Thank you all. Thank you.

Q. Mr. President, what's your message to refugees on——

Q. Mr. President, how worried are you—how worried are you by—go ahead. No, you go.

Q. Oh, okay.

The President. Watch your head, man. You're going to get hurt. He's turning that camera.

Q. I'm in a tight spot here, Mr. President.


Q. He's a gentleman. Mr. President, I wanted to ask what your message is to Ukrainian refugees on the southwest border and those that are trying to flee Ukraine from the violence.

The President. We have made a direct means by which they can get from Europe, from Ukraine, directly to the United States, without going through the southern border. In the meantime, in the southern border, we're trying to work through and make sure they—it's an orderly process, they're able to get in.

But just so you know, we have said there's no need to go to the southern border; fly directly to the United States. We set up a mechanism whereby they can come directly with a visa.

Q. Mr. President——


Q. Mr. President, thank you. How worried are you by a growing number of Russian comments in the media and amongst some of their officials painting this conflict as actually already a conflict between NATO, the U.S., and Russia? And they're painting in very alarmist terms, talking of nuclear weapons, saying it's a life-or-death struggle, et cetera.

And just separately—well, connected to that: Lavrov himself self says it's already a proxy war—not a direct war, but a proxy war. So are either of those two things true? And do they worry you, those things?

The President. They're not true. They do concern me because it shows the desperation that Russia is feeling about their abject failure in being able to do what they set out to do in the first instance.

And so it—I think it's more of a reflection not of the truth, but of their failure. And so, instead of saying that the Ukrainians, equipped with some capability to resist Russian forces, are doing this, they've got to say—tell their people the United States and all of NATO is engaged in taking out Russian troops and tanks, et cetera.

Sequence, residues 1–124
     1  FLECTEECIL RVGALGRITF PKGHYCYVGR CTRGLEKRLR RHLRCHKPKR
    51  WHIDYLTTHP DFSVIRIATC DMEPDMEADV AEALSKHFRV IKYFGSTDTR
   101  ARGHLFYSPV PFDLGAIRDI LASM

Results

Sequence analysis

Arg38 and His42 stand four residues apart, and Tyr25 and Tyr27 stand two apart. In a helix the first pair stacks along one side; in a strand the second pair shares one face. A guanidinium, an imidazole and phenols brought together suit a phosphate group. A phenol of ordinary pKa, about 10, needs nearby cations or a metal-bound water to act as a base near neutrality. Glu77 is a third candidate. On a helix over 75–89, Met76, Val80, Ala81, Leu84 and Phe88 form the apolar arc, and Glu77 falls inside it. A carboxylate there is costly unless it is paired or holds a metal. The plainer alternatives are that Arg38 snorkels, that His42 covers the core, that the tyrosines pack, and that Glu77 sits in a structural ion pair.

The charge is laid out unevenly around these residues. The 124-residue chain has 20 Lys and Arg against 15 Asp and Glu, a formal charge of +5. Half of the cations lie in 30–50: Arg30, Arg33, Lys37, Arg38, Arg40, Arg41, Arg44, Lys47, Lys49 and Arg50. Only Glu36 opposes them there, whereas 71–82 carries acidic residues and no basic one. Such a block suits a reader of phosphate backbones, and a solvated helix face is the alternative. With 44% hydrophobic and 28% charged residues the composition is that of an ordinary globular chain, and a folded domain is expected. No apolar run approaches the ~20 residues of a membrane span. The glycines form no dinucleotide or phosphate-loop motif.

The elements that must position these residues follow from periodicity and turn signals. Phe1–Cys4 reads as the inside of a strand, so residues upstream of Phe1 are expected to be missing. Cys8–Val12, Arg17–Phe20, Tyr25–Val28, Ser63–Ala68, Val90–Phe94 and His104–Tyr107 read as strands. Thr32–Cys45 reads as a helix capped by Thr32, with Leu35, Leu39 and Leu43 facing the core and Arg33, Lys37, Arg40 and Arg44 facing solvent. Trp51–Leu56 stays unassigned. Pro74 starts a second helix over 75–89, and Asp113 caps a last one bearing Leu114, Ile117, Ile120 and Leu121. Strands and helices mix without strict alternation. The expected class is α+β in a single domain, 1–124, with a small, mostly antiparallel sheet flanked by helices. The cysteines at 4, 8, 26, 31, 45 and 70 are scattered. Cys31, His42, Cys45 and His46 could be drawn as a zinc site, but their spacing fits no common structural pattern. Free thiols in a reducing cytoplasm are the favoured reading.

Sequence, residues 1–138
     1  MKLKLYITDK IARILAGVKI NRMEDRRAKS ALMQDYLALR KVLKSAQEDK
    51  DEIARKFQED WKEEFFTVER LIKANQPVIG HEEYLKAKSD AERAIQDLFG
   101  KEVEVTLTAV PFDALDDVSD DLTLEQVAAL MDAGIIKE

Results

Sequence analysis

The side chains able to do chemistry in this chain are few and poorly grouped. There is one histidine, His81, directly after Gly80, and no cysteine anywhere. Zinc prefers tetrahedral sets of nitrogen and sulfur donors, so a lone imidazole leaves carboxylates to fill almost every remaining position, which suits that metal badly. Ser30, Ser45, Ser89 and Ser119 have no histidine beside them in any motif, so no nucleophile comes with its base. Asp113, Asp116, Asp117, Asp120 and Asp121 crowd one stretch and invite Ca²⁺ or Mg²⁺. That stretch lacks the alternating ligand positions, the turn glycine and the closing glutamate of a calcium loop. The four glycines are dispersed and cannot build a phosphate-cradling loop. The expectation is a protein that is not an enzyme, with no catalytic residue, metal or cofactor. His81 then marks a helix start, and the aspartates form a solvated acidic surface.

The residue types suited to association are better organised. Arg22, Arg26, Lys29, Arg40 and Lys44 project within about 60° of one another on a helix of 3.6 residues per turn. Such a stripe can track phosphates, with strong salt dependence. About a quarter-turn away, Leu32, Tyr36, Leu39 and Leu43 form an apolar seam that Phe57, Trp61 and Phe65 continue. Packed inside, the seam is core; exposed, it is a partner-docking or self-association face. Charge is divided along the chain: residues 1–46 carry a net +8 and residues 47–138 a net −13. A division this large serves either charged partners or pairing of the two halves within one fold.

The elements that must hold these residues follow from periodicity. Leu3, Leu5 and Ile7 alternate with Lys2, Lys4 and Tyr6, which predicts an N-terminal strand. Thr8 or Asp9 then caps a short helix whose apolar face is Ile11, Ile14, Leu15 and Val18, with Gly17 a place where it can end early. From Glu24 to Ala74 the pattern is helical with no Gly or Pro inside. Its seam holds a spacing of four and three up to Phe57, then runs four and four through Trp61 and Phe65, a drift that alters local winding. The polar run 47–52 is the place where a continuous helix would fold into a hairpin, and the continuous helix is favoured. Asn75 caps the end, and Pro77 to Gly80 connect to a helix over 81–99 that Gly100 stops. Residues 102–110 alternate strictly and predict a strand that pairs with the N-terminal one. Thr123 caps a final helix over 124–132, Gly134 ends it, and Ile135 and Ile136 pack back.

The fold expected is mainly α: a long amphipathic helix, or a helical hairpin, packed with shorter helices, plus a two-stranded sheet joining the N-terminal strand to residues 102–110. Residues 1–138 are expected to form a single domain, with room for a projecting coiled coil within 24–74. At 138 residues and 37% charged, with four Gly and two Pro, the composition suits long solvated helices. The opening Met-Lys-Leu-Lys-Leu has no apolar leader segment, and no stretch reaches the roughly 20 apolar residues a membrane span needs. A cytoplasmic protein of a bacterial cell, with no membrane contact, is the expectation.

So it's—number one, it's an excuse for their failure. But number two, it's also, if they really mean it, it's—no one should be making idle comments about the use of nuclear weapons or the possibility that they'd use that. It's irresponsible.

Q. But, Mr. President, on that—Mr. President, Russia——

Title 42 Public Health Policies in Force at the U.S.-Mexico Border

Q. Mr. President, back on the border, Title 42. A number of your Democratic friends are pressuring the White House to maintain that policy. Can you give us a straight answer on whether you're going to heed that request or you're going to get rid of it?

The President. I can give you a straight answer. We had proposed to eliminate that policy by the end of May. The Court has said we can't so far. And what the Court says, we're going to do. The Court could come along and say we cannot do that, and that's it.

Q. Absent the Court——

Q. Mr. President, what options do you—oh, sorry.

Russia/Natural Gas Supplies in Poland and Bulgaria

Q. Mr. President, you say that this is not a proxy war, but Russia clearly disagrees. They say that war means war. So how concerned are you that they may start to act accordingly, even if you disagree?

The President. We are prepared for whatever they do.

Q. What options do you have to ensure Poland and Bulgaria have sufficient supplies of gas?

The President. First of all, as you know, Poland has indicated they have significant reserves of gas that they have planned for, as does—not as much, but as does Bulgaria. And we have worked with our allies, from Japan on, to say that we may divert our sale of the natural gas that we're sending to those countries and divert it directly to Poland and Bulgaria.

So I—you know, that's the most I can tell you right now.

National Economy/Risk of Recession/Tax Code Reform

Q. Sir, how concerned are you about a recession, given the GDP report today showed a contraction of 1.4 percent in the first quarter?